The violence in the Old Testament as I see it is not half as horrific as to what we have seen in the last 2000yrs.
    Jesus Christ and His Christian Message is the answer!

  2. Peter D Wilson says:

    Christians are in no position to throw stones at Islam as an institution on the issue of violence. Moreover the Koran clearly states that fighting is the duty of every Muslim, even if he hates it (which seems to rule out an interpretation of “fighting” as figurative). It also states (at least twice) that “Jews, Christians and Sabaeans” are to be respected, and to follow enthusiastically the one precept while ignoring the other is presumably as heretical in Islam as such selectivity is in Christianity. Nevertheless, in the absence of contrary evidence, I think we must suppose the Tunisian murderer to have believed genuinely in the righteousness of his actions, despite their monstrous evil; only God knows his conscience.

    • Alasdair says:

      “You shall not make wrongful use of the name of the Lord your God”
      “You shall not kill”.
      There’s really no excuse. Blasphemy, murder, wrong wrong wrong wrong wrong —
      If Christians have done the same in the past, it’s the same.

    • St.Joseph says:

      Peter D Wilson.
      Jesus’s message does not teach Christian’s to throw stones!

      • Alasdair says:

        I presumed that Peter’s stones were figurative as in “People in glass houses etc–“.
        Personally though, I don’t feel that I live in a “glass house”. The really bad stuff that has been done by “christians” is in the past and may not have been done by actual believers. I maintain my right to express my outrage and to underscore it with my beliefs.

      • St.Joseph says:

        Rightly so.
        However Jesus-if one is to believe the way Jesus taught, He demonstrated the difference in Teaching/Preaching when He challenged the stoning of the women caught in adultry.
        They threw the stone on the ground and walked away.
        We must not walk away, but love the sinner and hate the sin.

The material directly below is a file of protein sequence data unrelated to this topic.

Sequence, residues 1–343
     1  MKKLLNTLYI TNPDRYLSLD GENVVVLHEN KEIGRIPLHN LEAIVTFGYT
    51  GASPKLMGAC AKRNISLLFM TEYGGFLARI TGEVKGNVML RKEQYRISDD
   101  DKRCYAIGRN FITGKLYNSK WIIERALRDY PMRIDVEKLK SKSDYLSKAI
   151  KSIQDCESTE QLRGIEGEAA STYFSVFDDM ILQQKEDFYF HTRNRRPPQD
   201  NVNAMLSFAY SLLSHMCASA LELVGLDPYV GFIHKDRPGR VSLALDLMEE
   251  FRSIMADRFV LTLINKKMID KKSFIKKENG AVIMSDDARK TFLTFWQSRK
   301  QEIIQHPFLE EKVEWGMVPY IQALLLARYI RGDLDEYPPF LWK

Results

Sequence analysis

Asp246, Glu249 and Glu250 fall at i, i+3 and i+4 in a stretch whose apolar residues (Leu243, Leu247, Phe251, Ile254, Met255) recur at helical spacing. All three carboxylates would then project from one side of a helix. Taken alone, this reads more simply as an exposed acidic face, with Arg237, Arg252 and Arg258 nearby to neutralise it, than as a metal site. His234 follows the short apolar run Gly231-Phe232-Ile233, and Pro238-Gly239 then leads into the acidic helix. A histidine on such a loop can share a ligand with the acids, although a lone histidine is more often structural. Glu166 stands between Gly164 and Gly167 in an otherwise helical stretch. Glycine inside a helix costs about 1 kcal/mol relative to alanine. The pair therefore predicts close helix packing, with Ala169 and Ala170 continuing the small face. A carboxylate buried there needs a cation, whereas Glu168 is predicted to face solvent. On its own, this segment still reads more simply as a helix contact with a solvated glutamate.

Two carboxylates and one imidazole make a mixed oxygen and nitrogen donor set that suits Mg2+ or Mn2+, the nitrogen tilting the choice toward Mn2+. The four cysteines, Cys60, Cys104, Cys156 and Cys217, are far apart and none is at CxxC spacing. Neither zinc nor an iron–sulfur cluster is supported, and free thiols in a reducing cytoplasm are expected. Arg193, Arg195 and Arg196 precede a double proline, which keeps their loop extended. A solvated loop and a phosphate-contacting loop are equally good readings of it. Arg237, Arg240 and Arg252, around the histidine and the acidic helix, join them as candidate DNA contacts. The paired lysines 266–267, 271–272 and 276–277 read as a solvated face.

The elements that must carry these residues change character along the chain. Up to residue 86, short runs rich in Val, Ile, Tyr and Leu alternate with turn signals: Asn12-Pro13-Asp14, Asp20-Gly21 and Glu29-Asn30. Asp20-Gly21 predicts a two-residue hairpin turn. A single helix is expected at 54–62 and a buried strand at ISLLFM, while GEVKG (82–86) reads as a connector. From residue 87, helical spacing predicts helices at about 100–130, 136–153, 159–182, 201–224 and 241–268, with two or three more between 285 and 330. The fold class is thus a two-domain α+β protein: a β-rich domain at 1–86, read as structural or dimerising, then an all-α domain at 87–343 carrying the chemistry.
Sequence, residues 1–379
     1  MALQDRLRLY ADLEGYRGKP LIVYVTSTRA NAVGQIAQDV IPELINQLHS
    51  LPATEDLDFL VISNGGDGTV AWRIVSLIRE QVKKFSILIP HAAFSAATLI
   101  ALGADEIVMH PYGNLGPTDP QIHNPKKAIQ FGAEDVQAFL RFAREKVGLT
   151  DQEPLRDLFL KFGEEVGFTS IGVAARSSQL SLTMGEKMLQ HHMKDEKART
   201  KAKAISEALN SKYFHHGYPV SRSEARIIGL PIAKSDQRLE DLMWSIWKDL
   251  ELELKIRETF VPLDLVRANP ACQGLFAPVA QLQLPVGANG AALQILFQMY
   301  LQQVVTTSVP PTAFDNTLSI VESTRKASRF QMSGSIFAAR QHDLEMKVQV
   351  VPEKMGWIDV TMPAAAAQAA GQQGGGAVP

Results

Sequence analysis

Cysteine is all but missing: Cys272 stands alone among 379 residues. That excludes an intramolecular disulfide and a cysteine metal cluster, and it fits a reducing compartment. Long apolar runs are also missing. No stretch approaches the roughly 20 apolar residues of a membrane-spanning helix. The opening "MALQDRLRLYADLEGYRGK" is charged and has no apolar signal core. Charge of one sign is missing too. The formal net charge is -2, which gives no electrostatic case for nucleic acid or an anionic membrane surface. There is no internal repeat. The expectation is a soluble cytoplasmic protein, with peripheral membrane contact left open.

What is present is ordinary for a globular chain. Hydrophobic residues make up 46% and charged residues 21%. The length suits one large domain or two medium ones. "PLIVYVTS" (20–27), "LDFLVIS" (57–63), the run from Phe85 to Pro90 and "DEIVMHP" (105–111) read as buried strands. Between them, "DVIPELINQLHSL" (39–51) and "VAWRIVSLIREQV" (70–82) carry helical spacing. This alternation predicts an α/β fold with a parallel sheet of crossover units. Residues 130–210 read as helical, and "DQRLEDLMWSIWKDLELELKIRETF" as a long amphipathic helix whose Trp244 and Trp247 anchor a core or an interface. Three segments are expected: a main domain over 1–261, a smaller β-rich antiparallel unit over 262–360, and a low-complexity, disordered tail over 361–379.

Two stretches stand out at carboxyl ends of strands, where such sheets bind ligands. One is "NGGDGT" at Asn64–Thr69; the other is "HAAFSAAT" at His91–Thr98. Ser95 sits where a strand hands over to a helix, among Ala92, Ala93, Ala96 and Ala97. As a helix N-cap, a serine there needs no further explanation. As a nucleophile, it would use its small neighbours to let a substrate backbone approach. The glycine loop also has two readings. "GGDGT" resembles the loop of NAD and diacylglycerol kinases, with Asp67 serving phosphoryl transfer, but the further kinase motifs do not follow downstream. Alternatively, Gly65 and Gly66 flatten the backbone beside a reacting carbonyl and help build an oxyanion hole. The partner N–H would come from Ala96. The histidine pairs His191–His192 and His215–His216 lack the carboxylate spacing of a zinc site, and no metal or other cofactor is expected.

I will not hide my hide under a bushle like you for anyone!

      • St.Joseph says:

        Should read ‘hide my light under a bushle’

  3. Alasdair says:

    What St J says is so totally true that it trumps any other possible contribution!
    To take a more prosaic view though – any nation or society which fails to engage young men, and give them purpose and something useful to do, is heading for disaster. It is the job of men, such as many of us, to raise boys and young men.

    • Alasdair says:

      Positive male role models are worth their weight in gold – dads, granddads, teachers, sports coaches, scout leaders, outdoor instructors, church youth leaders, army sergeants, trainers of apprentices and so on. They have taken on a massive task and responsability. “But whoever causes the downfall of one of these little ones who believe in Me–it would be better for him if a heavy millstone were hung around his neck and he were drowned in the depths of the sea!”

  4. Brendan says:

    I read that the Tunisian killer was ‘ high on cocaine ‘ which makes his motives and actions even more incomprehensible at least to the ‘ believer. ‘
    Through true believers eyes the secular world is and will remain incomprehensible until the Second Coming – to that end while wholly empathising and joined in prayer with my fellow man , I have stopped listening to anymore reports on this ‘ secular event ‘ , for the time being , outside of Gods Kingdom ( His Event ) – lest my own mind be unconsciously diverted from ‘ Christ-at-my- centre ‘. So I act with utter confidence to that end with my will , through informed consciousness.